Impairments of the visual and/or vestibular system can result in headaches, difficulty reading, dizziness, nausea, fatigue and even concentration problems. All of these symptoms are associated with concussions and may occur at the time of injury or be residual and associated with post-concussion syndrome (PCS).
Dizziness at the time of injury is considered the #1 predictor of PCS and headache is the most common symptom reported1. Studies also reveal that 90% of patients with mTBI have presented with oculomotor dysfunction2-3.
Although oculomotor dysfunction has been discussed more recently in regards to mild traumatic brain injury (mTBI) or “concussion,” oculomotor assessment has been a critical component to the clinical examination for patients post traumatic brain injury for 3,500 years or more4.
The following studies highlight the need for an oculomotor and a vestibular assessment to be key components of the clinical examination following any severity of head trauma:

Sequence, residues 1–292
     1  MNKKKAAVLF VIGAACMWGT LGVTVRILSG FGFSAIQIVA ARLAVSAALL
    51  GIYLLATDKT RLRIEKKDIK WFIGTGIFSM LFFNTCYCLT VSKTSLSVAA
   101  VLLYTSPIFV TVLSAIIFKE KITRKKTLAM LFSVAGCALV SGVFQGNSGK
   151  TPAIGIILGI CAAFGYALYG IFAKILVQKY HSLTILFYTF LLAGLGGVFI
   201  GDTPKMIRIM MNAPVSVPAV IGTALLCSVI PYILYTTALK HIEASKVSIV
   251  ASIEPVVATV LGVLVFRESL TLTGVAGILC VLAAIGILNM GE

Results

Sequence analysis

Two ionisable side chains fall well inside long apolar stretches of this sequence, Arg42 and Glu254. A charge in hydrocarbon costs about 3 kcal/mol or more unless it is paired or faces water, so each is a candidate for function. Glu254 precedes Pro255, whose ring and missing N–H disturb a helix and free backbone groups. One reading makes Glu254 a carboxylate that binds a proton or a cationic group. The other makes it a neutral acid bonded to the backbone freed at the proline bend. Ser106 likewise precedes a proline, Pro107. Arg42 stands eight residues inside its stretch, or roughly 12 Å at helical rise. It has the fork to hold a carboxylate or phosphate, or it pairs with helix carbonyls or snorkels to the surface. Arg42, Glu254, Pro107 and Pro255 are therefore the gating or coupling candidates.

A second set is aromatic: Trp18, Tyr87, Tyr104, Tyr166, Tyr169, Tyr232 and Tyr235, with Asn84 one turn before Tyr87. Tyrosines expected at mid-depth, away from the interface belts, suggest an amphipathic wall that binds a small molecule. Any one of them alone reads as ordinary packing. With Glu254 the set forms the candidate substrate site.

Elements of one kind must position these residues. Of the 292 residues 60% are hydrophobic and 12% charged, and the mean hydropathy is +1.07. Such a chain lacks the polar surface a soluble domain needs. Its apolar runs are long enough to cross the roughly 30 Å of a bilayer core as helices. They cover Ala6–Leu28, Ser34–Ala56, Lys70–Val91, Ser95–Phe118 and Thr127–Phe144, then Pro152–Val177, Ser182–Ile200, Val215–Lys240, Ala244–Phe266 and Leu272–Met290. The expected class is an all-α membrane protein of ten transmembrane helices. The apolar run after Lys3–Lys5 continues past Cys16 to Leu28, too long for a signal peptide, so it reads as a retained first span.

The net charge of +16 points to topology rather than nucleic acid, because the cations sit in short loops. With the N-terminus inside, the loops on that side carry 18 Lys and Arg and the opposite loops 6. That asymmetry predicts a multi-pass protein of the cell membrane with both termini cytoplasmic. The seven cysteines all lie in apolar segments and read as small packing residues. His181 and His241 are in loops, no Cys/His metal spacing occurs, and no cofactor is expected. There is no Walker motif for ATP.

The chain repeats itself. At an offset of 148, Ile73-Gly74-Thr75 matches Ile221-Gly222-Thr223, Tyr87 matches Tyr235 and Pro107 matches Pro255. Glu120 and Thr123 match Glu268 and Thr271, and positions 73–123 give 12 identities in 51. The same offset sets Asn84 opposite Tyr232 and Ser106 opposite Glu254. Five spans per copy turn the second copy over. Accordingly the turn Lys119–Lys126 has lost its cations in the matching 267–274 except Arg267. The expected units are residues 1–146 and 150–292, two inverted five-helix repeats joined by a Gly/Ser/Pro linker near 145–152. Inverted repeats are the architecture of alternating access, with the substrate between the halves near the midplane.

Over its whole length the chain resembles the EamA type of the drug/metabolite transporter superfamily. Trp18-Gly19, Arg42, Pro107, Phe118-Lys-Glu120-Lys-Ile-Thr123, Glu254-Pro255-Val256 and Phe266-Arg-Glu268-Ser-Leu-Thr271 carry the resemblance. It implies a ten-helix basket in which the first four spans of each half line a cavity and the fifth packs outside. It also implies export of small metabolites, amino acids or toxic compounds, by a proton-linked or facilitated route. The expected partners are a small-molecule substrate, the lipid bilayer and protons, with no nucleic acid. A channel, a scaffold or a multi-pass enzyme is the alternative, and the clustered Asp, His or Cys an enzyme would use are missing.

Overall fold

We have much to learn about the consequences of head trauma, not only as it relates to the younger population or the long term effects of repeated concussions but how such injuries can impact more than just cognition. A growing number of studies are focusing on the impact of head trauma on both the peripheral and central visual-vestibular pathways. Health care providers agree that a neurological examination should be performed following any severity of head trauma, which would include an assessment of inner ear and oculomotor function.
Remember: the eyes are the window to the brain, therefore, utilize well established clinical tools that are reliable in identifying impairments and consider such findings when developing the most appropriate treatment plan. A comprehensive concussion management program not only includes cognitive testing but utilizes a variety of clinical tools into the return to play/return to life rehabilitation process. And, ideally, baseline testing is available to compare the status of the individual before and after the injury.
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